Meet Kripa Venkatakrishnan, our new Research Assistant. Kripa is an undergraduate student at the University of Pittsburgh majoring in Molecular Biology with a focus on cell and developmental biology. With an interest in making healthcare more accessible to the under-served populations of the world. We interviewed Kripa to find out a little more about her as well as gain some insight about our project.
What are your educational aspirations?
I’m currently in between two career paths (although they’re closely related in some aspects). For the longest time I’ve always thought and had the desire to go to medical school and become a doctor (in pediatrics or oncology), however, I’ve recently been exposed to a lot of public health issues/cases and it’s really been peaking my interest. I believe that I would also be very happy to pursue a Master’s in Public Health as well.
Where do you see yourself in your career 10 years from now?
I can see myself either getting through med school or continuing with clinical public health research. I could also see myself travelling around the world or trying to do something spontaneous like that.
What personal goals are you working toward right now?
Academically, I really wanted to get involved in some psychological and behavioral research projects (which SOVA is clearly perfect for) and witness as many types of research as I can. Also, my mom and my dad speak 4 different languages and I’m trying to catch up to them and learn as many more as I can.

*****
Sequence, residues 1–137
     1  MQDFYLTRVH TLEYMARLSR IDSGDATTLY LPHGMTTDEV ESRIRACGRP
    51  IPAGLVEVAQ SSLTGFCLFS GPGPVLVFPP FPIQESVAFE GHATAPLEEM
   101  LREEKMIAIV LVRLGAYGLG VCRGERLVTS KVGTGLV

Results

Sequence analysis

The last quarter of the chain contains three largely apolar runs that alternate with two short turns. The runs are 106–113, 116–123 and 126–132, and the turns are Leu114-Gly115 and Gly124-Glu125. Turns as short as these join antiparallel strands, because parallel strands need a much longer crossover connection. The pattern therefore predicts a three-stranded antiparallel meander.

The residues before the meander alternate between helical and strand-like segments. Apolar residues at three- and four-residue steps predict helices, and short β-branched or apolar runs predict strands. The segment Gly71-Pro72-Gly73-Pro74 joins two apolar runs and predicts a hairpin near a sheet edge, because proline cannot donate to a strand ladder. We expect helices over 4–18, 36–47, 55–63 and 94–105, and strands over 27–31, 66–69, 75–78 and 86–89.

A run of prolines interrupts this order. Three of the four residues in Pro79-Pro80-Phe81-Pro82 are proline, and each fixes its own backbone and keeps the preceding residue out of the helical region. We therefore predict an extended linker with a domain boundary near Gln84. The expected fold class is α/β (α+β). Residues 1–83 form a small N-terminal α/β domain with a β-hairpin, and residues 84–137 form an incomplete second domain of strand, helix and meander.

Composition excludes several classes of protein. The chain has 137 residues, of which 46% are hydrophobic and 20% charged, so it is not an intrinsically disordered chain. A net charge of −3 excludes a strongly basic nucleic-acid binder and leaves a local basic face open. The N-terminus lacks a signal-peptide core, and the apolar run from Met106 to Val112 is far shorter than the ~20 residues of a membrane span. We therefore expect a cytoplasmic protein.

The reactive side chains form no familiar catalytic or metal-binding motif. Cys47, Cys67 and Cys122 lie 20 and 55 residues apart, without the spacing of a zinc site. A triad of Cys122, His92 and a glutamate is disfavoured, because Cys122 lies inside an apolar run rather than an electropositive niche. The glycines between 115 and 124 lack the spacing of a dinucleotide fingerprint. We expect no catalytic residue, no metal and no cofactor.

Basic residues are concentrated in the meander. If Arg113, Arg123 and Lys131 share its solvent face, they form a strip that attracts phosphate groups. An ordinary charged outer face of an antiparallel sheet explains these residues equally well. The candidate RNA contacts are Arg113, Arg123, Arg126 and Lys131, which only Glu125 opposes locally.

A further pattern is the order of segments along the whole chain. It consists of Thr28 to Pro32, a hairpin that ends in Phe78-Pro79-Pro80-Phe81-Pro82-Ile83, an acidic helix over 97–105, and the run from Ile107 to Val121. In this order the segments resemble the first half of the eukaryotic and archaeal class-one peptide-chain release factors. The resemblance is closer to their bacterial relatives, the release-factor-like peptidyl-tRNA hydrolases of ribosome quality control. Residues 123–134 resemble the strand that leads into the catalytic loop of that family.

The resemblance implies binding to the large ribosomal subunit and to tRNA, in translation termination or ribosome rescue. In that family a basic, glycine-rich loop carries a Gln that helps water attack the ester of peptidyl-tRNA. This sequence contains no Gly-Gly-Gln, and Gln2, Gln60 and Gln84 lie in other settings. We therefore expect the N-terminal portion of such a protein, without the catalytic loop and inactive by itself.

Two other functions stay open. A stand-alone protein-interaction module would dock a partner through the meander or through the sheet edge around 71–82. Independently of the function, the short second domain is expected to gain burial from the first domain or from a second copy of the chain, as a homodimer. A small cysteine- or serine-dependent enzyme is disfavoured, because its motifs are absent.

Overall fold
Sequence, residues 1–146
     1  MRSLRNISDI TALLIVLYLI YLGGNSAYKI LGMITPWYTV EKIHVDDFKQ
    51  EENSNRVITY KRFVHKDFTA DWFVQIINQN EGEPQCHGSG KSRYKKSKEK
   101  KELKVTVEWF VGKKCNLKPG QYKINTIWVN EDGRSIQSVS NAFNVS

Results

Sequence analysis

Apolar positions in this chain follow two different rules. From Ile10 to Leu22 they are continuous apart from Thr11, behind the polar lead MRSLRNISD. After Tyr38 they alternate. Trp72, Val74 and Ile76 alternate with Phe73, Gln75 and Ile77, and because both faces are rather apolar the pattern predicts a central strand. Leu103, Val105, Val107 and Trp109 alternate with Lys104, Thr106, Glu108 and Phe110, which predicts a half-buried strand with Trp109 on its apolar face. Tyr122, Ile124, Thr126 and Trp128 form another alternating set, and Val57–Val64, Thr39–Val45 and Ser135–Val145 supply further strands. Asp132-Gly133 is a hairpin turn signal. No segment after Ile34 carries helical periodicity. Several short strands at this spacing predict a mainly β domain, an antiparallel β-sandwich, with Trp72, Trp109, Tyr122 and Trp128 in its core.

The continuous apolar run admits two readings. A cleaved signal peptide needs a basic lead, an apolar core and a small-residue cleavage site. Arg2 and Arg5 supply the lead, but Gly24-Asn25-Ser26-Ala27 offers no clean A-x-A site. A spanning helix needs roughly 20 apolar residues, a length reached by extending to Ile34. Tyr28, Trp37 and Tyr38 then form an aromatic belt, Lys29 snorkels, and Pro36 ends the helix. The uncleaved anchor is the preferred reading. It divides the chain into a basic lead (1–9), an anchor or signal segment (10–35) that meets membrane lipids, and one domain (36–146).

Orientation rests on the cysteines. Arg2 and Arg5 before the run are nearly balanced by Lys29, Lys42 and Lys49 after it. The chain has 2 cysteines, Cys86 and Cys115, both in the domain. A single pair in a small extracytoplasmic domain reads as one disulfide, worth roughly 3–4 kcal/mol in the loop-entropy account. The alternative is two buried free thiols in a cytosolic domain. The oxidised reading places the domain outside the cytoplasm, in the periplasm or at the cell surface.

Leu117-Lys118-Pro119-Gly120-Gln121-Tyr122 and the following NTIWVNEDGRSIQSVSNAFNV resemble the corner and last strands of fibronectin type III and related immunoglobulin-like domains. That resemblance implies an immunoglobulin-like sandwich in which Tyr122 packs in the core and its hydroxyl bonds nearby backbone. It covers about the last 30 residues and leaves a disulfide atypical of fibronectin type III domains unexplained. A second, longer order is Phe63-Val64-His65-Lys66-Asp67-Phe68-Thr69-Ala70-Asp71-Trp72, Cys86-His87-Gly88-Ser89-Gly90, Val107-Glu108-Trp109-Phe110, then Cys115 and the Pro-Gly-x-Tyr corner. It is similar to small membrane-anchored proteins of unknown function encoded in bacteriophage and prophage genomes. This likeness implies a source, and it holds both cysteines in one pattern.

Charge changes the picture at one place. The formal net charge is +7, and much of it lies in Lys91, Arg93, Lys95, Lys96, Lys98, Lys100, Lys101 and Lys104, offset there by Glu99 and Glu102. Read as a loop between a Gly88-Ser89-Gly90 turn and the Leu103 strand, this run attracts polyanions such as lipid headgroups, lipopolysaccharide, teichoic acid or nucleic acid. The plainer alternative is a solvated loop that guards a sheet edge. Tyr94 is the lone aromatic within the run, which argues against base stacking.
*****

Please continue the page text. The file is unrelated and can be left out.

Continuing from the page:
What do you like about the SOVA project?
I think the tie that SOVA makes with social media and depression/anxiety is very interesting and unique in comparison to research studies that I have previously been exposed to. It is more than well known that social media is playing a greater part in our lives by the day, and I think creating a forum where users and moderators can channel social media in a way that’s productive and healthy is very progressive and clever, especially when this forum can eventually be proven to drive positive results. But in addition to just that, the SOVA project hits very close to home for me as I once was an adolescent who also faced depression and anxiety. Helping others to not feel the same way I felt or lessen the duration of their struggles is the one of most driving feelings for me and is what makes me like the SOVA project so much.
What do you think are some of the barriers to the project gaining speed?
I definitely think that the biggest barrier would be the marketing of the project to the participants, but on that same note it’s definitely far from impossible. What I believe to be the biggest hurdle for participants is the initial decision to try it out especially at a time in their lives when motivation may be low. However, I think that once that is overcome, participants will realize how much SOVA has to offer to the quality of their life. It’s always just that initial pitch.
What do you think are some of the strengths the project already has?
The first time I first went onto the SOVA website, I could immediately tell that it was already very established, organized, and up to date which is great from a usability standpoint. But in addition to that, coming into my first day of work, meeting everyone and seeing how supportive, motivated, and committed everyone was, really made the biggest positive impact on me (at least from an outsider’s perspective). I think that the passion that everyone exudes will always be one of the biggest strengths that SOVA will have especially with the nature of the research it’s exploring and I think everyone has so much to offer!